Knee Surgery – Procedures
Total Knee Replacement
Total knee replacement is very successful in over 90% of well-selected patients. On average, replacements last 15-20 years. With the advent of improved wear properties of modern materials, it is anticipated that many if not most patients will enjoy full use of their prosthesis for years longer. Occasionally, however, an implanted prosthesis does not function as well as anticipated. This can be traced back to older materials, trauma, or unforeseeable infection. In such cases, revision surgery may be performed to adjust or replace the implant. Dr. Meere specializes in such cases, which can be quite complex, involving removal of failed or infected implants, cleansing of the joint and reconstruction with more elaborate implant designs.
Dr. Meere specializes in muscle-sparing surgery. Here, the key muscle of the knee, known as the vastus medialis, is not divided from the rest of the quadriceps muscle. Instead, it is lifted from its inferior boundary and gently retracted without any cutting. This allows for remarkably improved speed of recovery, strength, and less pain.
An added cosmetic advantage is a smaller scar, which is individualized to the patient’s size and needs but generally measures around four inches. The minimally invasive surgery technique should not be used in complex cases involving correction of severe deformity, revision of failed implants. In such cases, the exposure is determined by the existing wound and the need for greater exposure. Dr. Meere strongly believes in selecting the best surgical technique to spare tissue and minimize dissection whenever feasible, yet is prepared to extend the incision if necessary to perform the work adequately and safely.
This refers to the use of a computer as a tool to assist in the positioning and insertion of a hip or knee implant. It is important to realize that unlike a robot, it is not intended to replace the actual human performance of the procedure. Severe cases are especially suited to this adjunctive technology. Dr. Meere has been involved with the development of computer-assisted navigation since its early inception. He supports the view that computer-assisted navigation ensures a more predictable result through enhanced precision in positioning and balancing the joint. Overall this should lead to a better, more stable and more predictable outcome and potentially increased mechanical longevity of the implant.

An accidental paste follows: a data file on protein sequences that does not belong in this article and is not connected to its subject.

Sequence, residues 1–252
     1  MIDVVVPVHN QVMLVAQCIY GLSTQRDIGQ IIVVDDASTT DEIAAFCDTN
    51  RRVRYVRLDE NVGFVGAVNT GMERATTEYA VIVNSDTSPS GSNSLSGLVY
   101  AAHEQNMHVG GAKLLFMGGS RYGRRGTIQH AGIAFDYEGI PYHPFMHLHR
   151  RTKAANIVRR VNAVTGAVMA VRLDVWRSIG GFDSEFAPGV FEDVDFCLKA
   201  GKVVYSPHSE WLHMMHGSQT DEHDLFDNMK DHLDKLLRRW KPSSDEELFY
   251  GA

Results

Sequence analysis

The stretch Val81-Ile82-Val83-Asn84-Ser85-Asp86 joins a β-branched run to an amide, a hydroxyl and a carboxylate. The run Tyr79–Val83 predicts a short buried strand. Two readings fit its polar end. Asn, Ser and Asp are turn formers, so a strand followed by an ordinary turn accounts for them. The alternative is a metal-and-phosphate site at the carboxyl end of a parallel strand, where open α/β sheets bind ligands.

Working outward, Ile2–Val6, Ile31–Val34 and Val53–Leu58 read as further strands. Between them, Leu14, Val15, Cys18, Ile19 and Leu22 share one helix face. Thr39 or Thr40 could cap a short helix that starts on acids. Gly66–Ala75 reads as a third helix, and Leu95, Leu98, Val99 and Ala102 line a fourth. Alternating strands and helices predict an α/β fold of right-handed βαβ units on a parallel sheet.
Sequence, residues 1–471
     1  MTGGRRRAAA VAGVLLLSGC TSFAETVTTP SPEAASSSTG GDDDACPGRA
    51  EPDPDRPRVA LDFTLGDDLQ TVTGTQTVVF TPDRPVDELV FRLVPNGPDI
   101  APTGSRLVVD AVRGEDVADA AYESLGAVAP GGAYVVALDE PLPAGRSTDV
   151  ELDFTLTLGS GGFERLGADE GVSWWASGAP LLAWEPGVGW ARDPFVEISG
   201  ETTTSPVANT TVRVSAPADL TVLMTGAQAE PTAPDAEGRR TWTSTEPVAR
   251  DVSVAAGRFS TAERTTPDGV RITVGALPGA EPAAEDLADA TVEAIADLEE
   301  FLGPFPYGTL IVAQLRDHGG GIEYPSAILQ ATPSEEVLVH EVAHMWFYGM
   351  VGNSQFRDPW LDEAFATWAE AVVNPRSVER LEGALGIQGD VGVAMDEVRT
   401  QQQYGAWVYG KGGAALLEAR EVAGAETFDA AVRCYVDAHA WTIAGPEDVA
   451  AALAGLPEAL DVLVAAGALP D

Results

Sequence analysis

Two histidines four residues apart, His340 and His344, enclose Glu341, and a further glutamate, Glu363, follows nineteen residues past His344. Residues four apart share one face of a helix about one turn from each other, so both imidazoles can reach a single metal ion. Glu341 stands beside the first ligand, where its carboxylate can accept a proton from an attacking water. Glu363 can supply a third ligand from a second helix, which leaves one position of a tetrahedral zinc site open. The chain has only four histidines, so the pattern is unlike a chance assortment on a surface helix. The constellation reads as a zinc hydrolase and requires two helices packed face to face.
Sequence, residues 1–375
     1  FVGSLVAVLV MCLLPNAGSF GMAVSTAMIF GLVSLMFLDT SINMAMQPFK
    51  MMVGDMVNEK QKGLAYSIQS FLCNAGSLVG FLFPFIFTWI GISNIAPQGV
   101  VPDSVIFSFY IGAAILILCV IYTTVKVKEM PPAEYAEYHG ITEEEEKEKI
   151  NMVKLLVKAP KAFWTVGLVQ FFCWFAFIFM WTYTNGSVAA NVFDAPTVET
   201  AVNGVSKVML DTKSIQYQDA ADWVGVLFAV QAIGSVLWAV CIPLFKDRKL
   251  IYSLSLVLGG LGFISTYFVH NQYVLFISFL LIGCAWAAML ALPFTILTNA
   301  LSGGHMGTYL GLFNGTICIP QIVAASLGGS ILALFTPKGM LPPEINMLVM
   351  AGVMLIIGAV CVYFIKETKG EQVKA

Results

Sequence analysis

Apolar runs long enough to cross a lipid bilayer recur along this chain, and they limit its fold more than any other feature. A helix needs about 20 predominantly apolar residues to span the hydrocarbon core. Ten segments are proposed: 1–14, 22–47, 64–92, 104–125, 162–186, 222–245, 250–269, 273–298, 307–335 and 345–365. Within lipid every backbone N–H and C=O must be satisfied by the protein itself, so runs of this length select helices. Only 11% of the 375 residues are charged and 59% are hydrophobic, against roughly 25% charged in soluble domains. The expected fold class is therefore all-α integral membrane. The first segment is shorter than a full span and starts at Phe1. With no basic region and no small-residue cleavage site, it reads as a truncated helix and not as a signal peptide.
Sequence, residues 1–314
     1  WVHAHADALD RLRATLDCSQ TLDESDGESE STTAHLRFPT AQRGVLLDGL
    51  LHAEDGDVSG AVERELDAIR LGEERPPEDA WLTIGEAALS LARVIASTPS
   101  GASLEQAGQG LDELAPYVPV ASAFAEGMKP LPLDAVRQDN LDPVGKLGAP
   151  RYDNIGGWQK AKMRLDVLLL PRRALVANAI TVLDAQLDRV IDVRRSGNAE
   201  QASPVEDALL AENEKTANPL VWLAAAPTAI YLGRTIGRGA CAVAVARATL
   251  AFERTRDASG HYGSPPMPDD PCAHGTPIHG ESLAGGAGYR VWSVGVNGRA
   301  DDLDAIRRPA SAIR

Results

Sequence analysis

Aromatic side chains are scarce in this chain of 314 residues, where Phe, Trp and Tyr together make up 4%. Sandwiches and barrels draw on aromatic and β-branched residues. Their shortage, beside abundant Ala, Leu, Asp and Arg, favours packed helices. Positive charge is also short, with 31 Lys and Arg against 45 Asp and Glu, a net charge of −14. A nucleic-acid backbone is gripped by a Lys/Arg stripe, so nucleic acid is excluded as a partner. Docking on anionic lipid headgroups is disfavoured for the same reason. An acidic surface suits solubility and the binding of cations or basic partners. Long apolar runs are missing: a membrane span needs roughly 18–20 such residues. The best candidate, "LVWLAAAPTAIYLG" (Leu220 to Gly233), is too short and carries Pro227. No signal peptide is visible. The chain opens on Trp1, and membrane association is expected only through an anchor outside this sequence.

The use of sensors is revolutionizing the method by which knee implants are inserted into the body. Through the use of embedded pressure sensors and accelerometers into trial components, it is now possible to quantify and validate the pressure loads and the mechanical alignment instantaneously at the time of surgery.
OrthoSensor, Inc is a leading developer of such sensor technology with the VeraSense smart tibial trial system. Dr. Meere is a member of the Surgical Advisory Board and an investor/developer in the company. His special interest and background experience in the biomechanical field has led him to found and co-direct with Prof. Peter S. Walker the independent Advanced Arthroplasty Research Laboratory (AARL) at the NYU Langone Hospital for Joint Diseases Musculoskeletal Research Center.
The mission of the AARL research projects is to develop the unexplored field of pressure mapping technology and knee kinetics to create new industry calibration standards and surgical algorithms for better knee implantation.
For multiple reasons, knee implants can fail. Some failures are the product of prolonged use with a mechanical breakdown of the more fragile elements such as the polyethylene plastic liner, which substitutes for the cushioning of natural cartilage, while some other failures are the product of instability or infection. In cases of instability, there is now a new tool to better assess the source of the problem: Kinetic analysis. Dr. Meere’s research efforts center on this new approach to better understand and quantify the effect of soft tissue imbalances on the function of the knee. Numerous cases are now salvageable by this non-invasive approach. Cases that would traditionally require a full revision with the dismantling of the hard metallic components from the bone, with a commensurate risk of fracture and damage, can now be successfully revised with preservation of the implant and recalibration of the soft tissue envelope. This naturally provides a much shorter and less painful recovery.
Complex deformities are typically referred to as tertiary university centers. Over the last twenty years, Dr. Meere and other seasoned colleagues in pediatric and plastic reconstructive surgery have had the opportunity of handling these very difficult, yet so rewarding cases. Typical examples include pediatric deformities and their adult consequences, severe bone destruction though osteomyelitis infections, and traumatic injuries.